Here are a few tips to follow when requesting a locker
It is important to
make sure that you and your sales representative are speaking along the same terms.
If you are not sure about a term being used, ... ask for it to be clarified. Sales
reps deal with a variety of customers: Architects, Contractors, Equipment Dealers,
Facility Owners, etc., as well as customers new to the dealings of facility
planning. We are here to help you, so feel free to ask questions.
plastic lockers are available in 4wide (shown at right), 3wide and 2wide
configurations. 3 and 2 wides are used as "filler units" depending on the
dimensions of your locker room. 4-wides are the most economical, since common sides
are used in the construction with the least amount of waste of material.
If you have a row of 10' of locker space, we would supply you with 2 (4wide units) and 1
(2wide unit). Each 4 wide unit is 4' in width (each frame is 1' wide).
Frames Vs Openings?
Most of the professionals in the locker industry will speak in terms of frames and openings. It will save you a lot of confusion if you know what each refers to.
|"Frames" refers to the number of
vertical rows of lockers ... not the number of doors. In
the examples at the right, each of the styles contains 4 frames, but the amount of
openings differs. Style #1111 contains 4 openings.
"Openings" refers to the number of
individual doors. Style #2222 contains 4 frames, but has 8 openings. And so
forth ... .
A hasp is the type of locking
mechanism which allows your facility's clients to put their own padlocks on their locker. Our hasps are made from heavy duty, rust-proof stainless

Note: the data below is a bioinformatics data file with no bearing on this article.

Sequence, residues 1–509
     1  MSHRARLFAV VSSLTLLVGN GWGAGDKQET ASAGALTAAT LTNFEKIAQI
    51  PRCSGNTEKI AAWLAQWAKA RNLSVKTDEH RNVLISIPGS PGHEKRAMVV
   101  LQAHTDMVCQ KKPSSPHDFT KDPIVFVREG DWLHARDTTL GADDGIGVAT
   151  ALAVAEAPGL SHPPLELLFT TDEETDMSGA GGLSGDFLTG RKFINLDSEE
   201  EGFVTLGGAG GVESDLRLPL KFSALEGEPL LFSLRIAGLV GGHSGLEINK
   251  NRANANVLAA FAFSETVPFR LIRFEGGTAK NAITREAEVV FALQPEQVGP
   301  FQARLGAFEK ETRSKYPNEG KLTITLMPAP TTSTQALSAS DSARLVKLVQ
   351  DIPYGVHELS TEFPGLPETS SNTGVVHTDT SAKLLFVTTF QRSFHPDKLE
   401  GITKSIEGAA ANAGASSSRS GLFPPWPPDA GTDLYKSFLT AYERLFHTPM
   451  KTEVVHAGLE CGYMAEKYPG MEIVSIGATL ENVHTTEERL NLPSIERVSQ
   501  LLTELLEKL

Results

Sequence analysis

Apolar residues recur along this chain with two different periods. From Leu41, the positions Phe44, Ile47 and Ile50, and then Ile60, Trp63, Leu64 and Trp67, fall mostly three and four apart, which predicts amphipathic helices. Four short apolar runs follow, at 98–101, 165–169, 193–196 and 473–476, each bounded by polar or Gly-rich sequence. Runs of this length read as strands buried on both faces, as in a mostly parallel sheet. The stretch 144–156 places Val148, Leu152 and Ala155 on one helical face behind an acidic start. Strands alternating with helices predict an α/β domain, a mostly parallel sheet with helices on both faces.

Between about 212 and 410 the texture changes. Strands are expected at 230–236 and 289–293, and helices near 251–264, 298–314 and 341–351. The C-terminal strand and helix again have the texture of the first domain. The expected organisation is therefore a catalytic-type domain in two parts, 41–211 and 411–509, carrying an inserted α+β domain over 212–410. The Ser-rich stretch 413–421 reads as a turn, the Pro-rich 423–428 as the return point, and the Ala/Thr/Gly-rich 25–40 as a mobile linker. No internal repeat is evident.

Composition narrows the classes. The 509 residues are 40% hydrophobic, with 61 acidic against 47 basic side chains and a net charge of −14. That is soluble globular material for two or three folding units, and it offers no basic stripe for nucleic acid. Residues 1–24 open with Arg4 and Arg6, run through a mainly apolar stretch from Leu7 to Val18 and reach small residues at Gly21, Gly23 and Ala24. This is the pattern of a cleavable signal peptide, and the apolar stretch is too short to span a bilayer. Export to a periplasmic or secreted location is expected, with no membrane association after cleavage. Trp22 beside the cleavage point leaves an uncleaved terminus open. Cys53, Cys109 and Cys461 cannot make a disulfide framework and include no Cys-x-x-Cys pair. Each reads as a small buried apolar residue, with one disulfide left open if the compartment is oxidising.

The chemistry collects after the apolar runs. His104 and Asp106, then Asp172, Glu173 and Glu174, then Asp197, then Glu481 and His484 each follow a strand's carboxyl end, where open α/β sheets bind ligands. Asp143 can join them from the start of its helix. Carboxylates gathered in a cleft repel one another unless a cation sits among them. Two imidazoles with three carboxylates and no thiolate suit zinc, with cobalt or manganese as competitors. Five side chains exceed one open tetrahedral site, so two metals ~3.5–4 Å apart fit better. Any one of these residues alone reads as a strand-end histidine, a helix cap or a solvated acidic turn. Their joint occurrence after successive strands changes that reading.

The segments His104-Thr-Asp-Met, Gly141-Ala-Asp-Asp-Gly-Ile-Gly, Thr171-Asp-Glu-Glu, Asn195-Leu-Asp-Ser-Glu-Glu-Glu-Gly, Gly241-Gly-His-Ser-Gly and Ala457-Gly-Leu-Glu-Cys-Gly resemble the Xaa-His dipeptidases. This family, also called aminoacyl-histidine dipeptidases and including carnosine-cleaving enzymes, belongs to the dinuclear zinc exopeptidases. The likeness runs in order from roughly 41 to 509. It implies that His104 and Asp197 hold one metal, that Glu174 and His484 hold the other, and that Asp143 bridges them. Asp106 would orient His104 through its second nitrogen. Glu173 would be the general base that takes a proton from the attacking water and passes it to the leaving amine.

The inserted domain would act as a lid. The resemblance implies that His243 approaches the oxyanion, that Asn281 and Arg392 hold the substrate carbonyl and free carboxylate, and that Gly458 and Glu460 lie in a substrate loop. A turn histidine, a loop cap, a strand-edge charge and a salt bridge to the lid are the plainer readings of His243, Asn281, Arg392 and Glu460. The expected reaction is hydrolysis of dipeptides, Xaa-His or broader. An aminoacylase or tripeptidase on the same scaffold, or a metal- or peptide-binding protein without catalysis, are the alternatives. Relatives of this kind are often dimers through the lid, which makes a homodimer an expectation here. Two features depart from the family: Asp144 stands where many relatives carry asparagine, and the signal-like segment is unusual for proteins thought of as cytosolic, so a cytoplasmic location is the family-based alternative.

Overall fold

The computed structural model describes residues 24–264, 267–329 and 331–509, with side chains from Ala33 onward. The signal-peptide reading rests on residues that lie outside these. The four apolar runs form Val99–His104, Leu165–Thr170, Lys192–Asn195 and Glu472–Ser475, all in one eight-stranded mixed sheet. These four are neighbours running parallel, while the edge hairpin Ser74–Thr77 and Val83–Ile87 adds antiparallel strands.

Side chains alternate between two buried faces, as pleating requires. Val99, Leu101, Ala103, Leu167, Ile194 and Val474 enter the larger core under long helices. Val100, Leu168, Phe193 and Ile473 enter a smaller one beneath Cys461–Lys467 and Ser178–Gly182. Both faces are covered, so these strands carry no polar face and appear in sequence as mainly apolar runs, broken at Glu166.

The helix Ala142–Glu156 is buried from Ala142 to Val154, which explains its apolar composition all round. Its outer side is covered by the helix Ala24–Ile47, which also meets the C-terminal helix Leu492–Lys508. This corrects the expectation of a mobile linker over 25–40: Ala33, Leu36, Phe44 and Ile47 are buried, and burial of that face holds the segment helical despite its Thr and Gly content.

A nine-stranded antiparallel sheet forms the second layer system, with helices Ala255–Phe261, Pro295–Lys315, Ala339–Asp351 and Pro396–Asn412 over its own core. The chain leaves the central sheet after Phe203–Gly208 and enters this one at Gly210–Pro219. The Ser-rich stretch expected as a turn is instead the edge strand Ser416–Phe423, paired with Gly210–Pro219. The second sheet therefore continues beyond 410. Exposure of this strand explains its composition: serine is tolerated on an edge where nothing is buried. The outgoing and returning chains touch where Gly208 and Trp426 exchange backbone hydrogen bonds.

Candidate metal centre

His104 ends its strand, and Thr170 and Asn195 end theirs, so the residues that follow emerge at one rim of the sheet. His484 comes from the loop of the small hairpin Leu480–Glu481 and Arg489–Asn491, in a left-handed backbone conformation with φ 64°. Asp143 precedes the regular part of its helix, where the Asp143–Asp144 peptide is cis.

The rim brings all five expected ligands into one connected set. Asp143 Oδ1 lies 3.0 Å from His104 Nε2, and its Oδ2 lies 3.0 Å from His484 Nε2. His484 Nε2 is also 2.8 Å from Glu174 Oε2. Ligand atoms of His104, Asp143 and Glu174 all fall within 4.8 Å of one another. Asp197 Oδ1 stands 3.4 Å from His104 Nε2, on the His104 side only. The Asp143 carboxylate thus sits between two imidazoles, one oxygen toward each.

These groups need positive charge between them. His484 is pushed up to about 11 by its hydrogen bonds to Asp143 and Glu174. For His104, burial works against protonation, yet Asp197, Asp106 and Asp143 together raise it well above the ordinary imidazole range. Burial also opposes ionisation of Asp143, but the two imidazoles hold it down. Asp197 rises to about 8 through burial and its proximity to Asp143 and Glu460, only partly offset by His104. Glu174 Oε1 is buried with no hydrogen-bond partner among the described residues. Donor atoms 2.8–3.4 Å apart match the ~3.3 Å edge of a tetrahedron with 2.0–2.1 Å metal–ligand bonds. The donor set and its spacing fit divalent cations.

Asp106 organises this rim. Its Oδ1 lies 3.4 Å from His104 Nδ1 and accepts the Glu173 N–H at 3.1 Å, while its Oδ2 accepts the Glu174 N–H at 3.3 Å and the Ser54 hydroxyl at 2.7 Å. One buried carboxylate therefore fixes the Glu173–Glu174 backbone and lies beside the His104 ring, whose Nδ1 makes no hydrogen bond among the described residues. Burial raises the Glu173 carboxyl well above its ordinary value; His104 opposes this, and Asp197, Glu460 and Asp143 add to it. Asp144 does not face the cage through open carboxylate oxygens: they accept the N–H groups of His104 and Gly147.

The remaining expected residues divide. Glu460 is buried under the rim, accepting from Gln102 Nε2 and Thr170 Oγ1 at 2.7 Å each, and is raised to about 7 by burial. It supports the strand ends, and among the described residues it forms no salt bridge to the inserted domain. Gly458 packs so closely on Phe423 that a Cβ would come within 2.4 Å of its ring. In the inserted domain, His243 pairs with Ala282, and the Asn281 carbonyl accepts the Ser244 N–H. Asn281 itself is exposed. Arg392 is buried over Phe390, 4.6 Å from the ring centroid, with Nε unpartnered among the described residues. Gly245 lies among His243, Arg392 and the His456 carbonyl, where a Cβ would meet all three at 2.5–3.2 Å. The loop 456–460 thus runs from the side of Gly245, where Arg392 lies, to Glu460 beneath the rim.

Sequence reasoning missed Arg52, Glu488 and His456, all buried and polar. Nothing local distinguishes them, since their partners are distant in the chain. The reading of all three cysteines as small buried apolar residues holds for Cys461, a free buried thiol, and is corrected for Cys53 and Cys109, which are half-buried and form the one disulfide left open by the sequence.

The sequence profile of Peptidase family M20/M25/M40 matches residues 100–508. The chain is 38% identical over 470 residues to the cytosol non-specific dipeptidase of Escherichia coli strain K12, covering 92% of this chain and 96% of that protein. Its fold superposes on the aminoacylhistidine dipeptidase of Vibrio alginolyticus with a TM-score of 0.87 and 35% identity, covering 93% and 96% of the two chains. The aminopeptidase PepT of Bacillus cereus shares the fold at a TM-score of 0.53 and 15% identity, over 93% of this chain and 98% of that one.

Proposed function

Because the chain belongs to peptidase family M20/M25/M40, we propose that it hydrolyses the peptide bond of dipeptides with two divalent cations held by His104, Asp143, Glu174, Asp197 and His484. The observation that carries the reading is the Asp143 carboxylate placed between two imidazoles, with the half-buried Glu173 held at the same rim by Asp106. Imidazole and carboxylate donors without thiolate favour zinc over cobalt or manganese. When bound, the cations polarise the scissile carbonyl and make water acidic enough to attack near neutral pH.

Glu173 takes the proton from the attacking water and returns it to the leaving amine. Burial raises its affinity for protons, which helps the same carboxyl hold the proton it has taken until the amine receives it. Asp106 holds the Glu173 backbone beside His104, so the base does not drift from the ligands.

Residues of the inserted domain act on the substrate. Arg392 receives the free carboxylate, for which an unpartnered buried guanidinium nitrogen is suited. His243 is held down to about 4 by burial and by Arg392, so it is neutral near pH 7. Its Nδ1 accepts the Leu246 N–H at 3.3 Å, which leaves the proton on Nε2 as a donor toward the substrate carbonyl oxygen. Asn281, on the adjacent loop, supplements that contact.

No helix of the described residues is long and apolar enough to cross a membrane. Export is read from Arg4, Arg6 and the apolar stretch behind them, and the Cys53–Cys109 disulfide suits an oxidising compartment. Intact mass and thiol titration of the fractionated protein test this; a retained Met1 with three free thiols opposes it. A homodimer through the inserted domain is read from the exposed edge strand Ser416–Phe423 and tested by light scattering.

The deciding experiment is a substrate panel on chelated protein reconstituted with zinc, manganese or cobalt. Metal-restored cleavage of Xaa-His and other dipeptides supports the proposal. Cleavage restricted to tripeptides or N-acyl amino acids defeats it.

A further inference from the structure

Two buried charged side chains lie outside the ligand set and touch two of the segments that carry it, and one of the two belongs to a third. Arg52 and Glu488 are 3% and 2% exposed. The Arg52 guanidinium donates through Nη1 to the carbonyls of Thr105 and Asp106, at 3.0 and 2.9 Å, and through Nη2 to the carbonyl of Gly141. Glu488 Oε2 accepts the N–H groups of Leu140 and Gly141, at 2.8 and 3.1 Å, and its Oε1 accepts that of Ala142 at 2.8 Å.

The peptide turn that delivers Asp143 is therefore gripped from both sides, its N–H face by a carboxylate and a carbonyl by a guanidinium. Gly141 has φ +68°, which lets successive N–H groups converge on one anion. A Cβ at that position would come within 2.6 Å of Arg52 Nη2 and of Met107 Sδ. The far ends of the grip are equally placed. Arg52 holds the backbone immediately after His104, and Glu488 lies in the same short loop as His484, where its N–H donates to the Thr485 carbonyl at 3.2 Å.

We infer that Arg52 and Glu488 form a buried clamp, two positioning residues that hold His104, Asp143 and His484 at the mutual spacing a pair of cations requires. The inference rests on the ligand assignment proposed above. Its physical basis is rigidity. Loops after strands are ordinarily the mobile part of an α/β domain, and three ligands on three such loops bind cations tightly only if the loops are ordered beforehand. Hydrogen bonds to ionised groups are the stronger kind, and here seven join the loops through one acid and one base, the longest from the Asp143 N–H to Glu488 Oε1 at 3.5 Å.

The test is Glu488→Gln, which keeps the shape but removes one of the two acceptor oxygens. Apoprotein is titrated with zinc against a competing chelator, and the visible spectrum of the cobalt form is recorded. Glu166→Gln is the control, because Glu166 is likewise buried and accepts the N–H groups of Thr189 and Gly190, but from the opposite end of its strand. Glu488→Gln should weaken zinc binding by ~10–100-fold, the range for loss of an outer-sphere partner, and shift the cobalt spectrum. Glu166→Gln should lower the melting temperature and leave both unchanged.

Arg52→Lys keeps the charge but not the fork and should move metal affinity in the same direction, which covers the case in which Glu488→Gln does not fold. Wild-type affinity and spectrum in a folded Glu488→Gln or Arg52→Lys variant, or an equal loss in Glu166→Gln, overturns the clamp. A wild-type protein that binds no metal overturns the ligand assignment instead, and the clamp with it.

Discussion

steel. It is our most popular lock type. The hasp is attached on the inside of
the locker frame, and protrudes through our heavy gauge, 1/2 solid polypropylene locker
door --- offering you a high level of security. You will never have to worry about
rust or corrosion with our hasp.
Depending on the
configuration of your locker room, you may have a need for corner
A corner is where two perpendicular rows meet.
If you are placing
lockers from corner to corner because of restricted amounts of space, you may want a
corner filler. A filler serves to close off the small, open area between the
two perpendicular rows. This prevents debris from falling into the open area, and
gives the rows a look of continuity. Because our lockers are 18" deep, you will
lose 18" from each corner. For example if you have a 10' wall with
one corner filler, your actual locker space would be 8' and 1/2" ft. Instead
of being able to fit 10 frames on the 10' wall, you will now only be able to fit 8 frames
in that space, and will still have 6" left over. Our corner fillers adjust to
fill the left over 6".
If you are not placing
lockers from corner to corner, you may consider centering your lockers on the walls and
placing a large decorative plant in the corner or a smaller one on a plant stand.
This will enhance the décor of your locker room, while simultaneously acting as a filler.
Plus, you will save in the cost of purchasing a filler. If you are unfamiliar with
performing facility maintenance, yet are planning to install the lockers yourself, our
recommendation would be to work around the corner fillers, and opt for a different method
as suggested above. Note, you will need to drill into the filler and adjust on the
premises, as you would with any locker filler (metal or wood lockers).
There are other ways to get around the use of corner fillers. If you your facility is short on wall
space, you may want to consider bringing some of your lockers out onto the floor.
This can be done in several ways. The two most popular are:
- Back to
Back: Here you would have a free standing
island of lockers on your locker room floor, that are attached back to back.
formation: Here you would have rows of lockers
surrounding your walls, as well as rows extending out from the walls. Again, the free
standing lockers would be attached back to back.